Newly Rediscovered: GEDCOM 4.0 (and a bonus!) - 5 days, 22 hrs ago
Trying to write a flexible GEDCOM reader to read in every flavour of GEDCOM back to the early days is rather difficult when the standards used prior to version 5.3 from 1993 just aren’t available anywhere.
I have scoured the Internet and the Internet archives for that matter, to try to dig up some of the early documents. In particular, I couldn’t find any of these versions: 1.0 (1984), 2.0, 2.3, 2.4, 3.0, 4.0, 4.1, 4.2, 5.0, 5.1 or 5.2 (1992), some of which were said to be “Drafts” and some of which were said to be “Standards”.
A few months ago, I started emailing some of the developers I know who have been using GEDCOM since the early days. I even contacted Bill Harten who led the team developing GEDCOM. He and some of the other developers told me they may still have an old printed copy of it somewhere, and if they weren’t thrown out or eaten by rats, they might possibly be in some old box in their garage or attic that would take months to sort through and find. <Sigh>. It seems that GEDCOM 5.3 was the first version that made it to electronic form. All the other versions were hardcopy … until now.
Through correspondence with Diedrich Hesmer, the developer of Our Family Book and GEDCOM Service Programs, Diedrich contacted the members of his GEDCOM-L list where 24 German speaking genealogy software programmers communicate with each other. It turned out that one of his colleagues, Gisbert Berwe, the author of the program Gen_Plus, found he had a printed copy of GEDCOM 4.0. He scanned it and has now posted it on his website.
You can find Gisbert’s PDF of GEDCOM 4.0 here:
The first 12 pages of this document are not actually the GEDCOM standard, but are the Data Structure Description of the Personal Ancestral File program version 2.1, dated 23 June 1988. I think it is likely that these pages were at the beginning of the document, since PAF and GEDCOM were being developed at the same time by the Family History Department of the LDS. The 12th page appears to be a page Gisbert may have included by mistake, being a German family relationship chart, instead of page 12 out of 12 of the PAF structure guide. But that doesn’t matter because the GEDCOM specs follow.
The GEDCOM 4.0 specifications follow in the next 96 pages. The sections include:
Chapter 1: Specification for GEDCOM Level Numbers
Chapter 2: Specification for GEDCOM Tags
Chapter 3: Specification for GEDCOM Transmission Headers and Trailers
Chapter 4: Specification for GEDCOM Cross-Reference Identifiers
Chapter 5: Specification for GEDCOM Values
Chapter 6: Specification for GEDCOM Character Sets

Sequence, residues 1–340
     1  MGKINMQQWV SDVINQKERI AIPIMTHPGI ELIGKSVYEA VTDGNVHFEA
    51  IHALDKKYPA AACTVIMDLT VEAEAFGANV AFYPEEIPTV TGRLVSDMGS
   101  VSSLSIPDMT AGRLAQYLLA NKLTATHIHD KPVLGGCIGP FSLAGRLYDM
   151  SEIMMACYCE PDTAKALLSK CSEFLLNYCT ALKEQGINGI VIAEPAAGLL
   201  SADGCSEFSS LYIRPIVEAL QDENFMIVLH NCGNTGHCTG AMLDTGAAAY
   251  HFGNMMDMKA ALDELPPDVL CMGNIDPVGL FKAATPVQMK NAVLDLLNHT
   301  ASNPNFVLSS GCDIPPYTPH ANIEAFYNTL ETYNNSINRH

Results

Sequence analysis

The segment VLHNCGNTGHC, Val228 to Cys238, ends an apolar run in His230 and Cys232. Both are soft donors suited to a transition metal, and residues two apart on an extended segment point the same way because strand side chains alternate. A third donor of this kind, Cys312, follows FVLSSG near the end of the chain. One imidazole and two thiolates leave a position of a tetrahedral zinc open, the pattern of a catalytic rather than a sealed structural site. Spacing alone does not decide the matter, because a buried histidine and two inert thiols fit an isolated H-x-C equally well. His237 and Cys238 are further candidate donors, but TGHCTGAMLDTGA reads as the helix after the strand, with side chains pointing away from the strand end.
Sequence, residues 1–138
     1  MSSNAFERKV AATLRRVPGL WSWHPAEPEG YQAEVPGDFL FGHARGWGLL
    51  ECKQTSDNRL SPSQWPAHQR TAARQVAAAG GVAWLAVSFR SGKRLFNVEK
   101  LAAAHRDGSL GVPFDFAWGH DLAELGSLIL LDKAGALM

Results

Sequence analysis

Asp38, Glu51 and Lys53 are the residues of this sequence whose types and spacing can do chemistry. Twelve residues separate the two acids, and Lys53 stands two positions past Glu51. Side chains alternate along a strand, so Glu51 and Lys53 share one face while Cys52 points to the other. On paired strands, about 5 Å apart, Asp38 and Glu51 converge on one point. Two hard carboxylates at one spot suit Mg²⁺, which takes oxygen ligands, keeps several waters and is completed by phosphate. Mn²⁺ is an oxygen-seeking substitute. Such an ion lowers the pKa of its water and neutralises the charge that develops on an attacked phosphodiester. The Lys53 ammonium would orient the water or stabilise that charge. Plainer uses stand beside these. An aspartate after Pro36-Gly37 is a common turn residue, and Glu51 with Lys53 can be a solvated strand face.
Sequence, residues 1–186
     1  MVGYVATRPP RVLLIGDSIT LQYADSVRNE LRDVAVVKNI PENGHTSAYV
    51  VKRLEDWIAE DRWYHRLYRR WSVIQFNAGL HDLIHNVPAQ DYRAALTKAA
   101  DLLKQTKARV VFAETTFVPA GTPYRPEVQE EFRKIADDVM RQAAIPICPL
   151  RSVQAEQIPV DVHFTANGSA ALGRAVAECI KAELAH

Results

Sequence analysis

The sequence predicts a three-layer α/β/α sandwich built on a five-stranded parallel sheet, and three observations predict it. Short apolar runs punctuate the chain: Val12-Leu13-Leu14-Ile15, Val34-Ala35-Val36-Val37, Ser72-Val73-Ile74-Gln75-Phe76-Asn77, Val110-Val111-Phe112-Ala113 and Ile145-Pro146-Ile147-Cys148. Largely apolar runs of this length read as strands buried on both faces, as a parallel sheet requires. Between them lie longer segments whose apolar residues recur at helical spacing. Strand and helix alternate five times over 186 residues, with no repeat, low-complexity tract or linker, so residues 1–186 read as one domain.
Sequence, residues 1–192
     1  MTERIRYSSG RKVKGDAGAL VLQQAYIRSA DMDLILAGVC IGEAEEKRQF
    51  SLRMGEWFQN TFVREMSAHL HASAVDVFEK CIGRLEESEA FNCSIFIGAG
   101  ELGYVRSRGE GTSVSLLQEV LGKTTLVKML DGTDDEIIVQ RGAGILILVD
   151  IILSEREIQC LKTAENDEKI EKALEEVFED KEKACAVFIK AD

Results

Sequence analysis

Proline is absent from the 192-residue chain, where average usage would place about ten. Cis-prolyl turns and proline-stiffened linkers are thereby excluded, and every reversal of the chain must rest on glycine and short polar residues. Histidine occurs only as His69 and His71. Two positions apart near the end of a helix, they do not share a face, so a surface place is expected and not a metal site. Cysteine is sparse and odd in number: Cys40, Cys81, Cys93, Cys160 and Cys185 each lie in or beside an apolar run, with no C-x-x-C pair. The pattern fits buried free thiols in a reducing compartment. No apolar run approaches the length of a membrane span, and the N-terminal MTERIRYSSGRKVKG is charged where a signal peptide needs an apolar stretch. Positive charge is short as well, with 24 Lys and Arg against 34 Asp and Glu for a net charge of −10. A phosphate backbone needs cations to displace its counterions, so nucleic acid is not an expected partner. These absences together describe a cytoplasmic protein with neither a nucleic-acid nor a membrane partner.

Chapter 7: Specification for GEDCOM Transmission Media
Appendix: GEDCOM Tags
The Introduction is 2 pages. The first page of the introduction is missing from the scan and the second page follows page 1-1. I’ll have to see if Gisbert could scan page In1. The seven chapters are 35 pages, and the Appendix which contains an alphabetical list of the Tags and their definitions is 47 pages. Gisbert accidentally repeated the cover page and included it where page A-42 should have been.
In my initial scanning of the document, I had to admire the GEDCOM team’s admission that the standard wasn’t perfect. On page In2, they state:
Future Editions of This Document
GEDCOM is still new, and has not yet been exposed to demanding applications over an extended period. Changes will be made as necessary. Chapter five, “Specification for GEDCOM Values,” will be updated to include format definitions for digitized photo, audio, and video information when the need arises and the required specifications have been completed.
Bonus Document! PAF GEDCOM Specifications
I didn’t expect what followed in the next 34 pages.
This document is not GEDCOM, but it details the implementation of GEDCOM in PAF Releases 2.0 through 2.2.
It states in its Introduction, Page 3 of 34:
“This document is necessary because many essential details about data structure and the use of tags in GEDCOM are specific to the implementation. In addition, the PAF 2.1 and 2.2 implementations differ from the PAF 2.0 implementation. PAF 2.0 was developed while the GEDCOM standard was still being refined. PAF Release 2.1 and 2.2 conform to the GEDCOM standards formally approved by the Family History Department in October 1987 (GEDCOM Release 3.0) and August 1989 (GEDCOM Release 4.0).”
In other words,
the PAF 2.2 implementation tells us more about GEDCOM 4.0,
the PAF 2.1 implementation tells us about GEDCOM 3.0, and
the PAF 2.0 implementation tells us about GEDCOM 2.0.
Wow! What a find!
Just like all archaeological digs, it will take time to study and analyze the details of these GEDCOM 4.0 and PAF GEDCOM Specifications before the lives of the early GEDCOMonians can be fully understood.